West African Leaders To Confront Laurent Gbagbo
LINDA WERTHEIMER, host:
And now to West Africa, where the region's leaders are trying to prevent a possible outbreak of violence. It's been a month since the presidential election in Ivory Coast, and there's a broad international consensus that the incumbent lost. But he's refusing to give up his office. Three regional leaders in West Africa are now on their way to tell the president that he must quit peacefully or face possible military force. NPR's Ofeibea Quist-Arcton is monitoring developments, and joins us on the line.
Ofeibea, how serious is this threat that West African countries could possibly use force?
OFEIBEA QUIST-ARCTON: It's very serious. West African presidents met on Friday, on Christmas Eve, in Abuja, Nigeria, and the conclusion of that emergency summit on Ivory Coast was that they were giving a last chance to Laurent Gbagbo to hand over power peacefully to Alassane Ouattara, or face possible regional intervention.
And West Africa has done it before in other countries, in neighboring Liberia, in Sierra Leone, and in Guinea-Bissau. So the regional leaders are showing their commitment to put an end to this political stalemate, deadlock, and especially the violence in Ivory Coast.
WERTHEIMER: Is there any chance that the incumbent will agree to go?
QUIST-ARCTON: I don't think so. Laurent Gbagbo has dug his heels in. He's, if you want, a serial defier of international, regional, continental pressure. And he maintains that he is the legitimately reelected president of Ivory Coast, because he was declared the winner of last month's vote by the Constitutional Council. But, of course, the electoral commission, endorsed by the U.N., said that Alassane Ouattara was the winner. And Africa, world leaders, the White House, President Obama are all saying: Gbagbo, it's time for you to step down.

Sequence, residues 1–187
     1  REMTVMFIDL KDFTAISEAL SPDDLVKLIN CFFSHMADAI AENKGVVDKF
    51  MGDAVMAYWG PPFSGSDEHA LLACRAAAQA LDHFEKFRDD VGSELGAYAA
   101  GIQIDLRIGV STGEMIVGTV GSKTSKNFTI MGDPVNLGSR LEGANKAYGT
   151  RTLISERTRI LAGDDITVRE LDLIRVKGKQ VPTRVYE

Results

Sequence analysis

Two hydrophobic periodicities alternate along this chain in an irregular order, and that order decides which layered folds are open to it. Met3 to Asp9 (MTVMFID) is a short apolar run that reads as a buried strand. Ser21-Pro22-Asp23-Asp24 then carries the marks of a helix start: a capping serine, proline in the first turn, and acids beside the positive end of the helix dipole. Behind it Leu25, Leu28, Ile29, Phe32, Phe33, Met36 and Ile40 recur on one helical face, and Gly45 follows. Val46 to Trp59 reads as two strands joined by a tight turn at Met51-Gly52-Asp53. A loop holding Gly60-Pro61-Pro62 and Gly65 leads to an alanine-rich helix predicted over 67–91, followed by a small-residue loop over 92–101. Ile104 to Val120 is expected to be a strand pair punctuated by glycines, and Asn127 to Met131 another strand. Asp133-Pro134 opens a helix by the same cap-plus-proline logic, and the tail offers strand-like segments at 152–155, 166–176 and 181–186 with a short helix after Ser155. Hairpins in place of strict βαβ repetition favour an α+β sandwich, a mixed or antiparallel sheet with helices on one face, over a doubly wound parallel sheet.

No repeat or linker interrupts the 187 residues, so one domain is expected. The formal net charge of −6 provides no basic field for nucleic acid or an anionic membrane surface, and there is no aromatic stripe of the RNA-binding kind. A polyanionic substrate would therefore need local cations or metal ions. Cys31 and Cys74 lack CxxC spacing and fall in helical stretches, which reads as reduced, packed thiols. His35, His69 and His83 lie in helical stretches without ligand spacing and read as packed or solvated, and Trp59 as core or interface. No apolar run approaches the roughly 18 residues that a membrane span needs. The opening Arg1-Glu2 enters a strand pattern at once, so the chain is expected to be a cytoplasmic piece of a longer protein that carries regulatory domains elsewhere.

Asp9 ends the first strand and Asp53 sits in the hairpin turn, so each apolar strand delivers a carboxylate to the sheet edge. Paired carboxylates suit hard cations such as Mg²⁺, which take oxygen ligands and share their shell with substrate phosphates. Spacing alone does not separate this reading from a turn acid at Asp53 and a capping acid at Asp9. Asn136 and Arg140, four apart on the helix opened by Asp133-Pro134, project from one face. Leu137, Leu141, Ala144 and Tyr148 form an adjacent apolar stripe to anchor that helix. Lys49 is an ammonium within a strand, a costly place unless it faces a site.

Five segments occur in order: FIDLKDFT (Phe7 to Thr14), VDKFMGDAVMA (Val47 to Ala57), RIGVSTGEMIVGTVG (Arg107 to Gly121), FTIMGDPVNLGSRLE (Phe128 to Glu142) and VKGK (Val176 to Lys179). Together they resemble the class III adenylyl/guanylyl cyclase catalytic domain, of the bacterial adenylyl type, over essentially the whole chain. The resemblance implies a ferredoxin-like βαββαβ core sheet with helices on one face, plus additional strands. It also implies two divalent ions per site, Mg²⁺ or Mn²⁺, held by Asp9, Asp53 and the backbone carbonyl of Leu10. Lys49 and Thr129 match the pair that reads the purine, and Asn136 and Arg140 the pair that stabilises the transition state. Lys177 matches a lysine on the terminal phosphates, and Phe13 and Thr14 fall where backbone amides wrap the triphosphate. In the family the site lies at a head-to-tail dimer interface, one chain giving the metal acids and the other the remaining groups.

WERTHEIMER: Where does this leave the challenger? I understand he's holed up in a hotel.
QUIST-ARCTON: Indeed, protected by U.N. peacekeepers. There's a peacekeeping force of 10,000 currently in the Ivory Coast. Now, although they don't have freedom of movement - because Laurent Gbagbo's loyal soldiers have ringed the hotel area, Alassane Ouattara is making some headway as far as authority is concerned. He's managed to get the pivotal Central Bank to stop receiving orders from Gbagbo's camp. He has got the United Nations to accredit his chosen ambassador. So he's got some political influence, but he's certainly not governing as a normal government would.
WERTHEIMER: How real is the possibly of civil war in Ivory Coast?
QUIST-ARCTON: That is the real fear in West Africa amongst Ivoirians who have, of course, lived through a coup and a rebellion, but especially amongst regional leaders. Ivory Coast used to be the bastion of peace, prosperity and stability in West Africa. But now, for the past decade or so, this has been a country of turmoil. They're fearful that if war does break out, it will be a real civil war, a bloody and destructive civil war, and one that Ivory Coast cannot afford.
WERTHEIMER: Ofeibea, thank you very much.
QUIST-ARCTON: Always a pleasure.
WERTHEIMER: NPR's Ofeibea Quist-Arcton. She joined us from her base in Dakar in Senegal.
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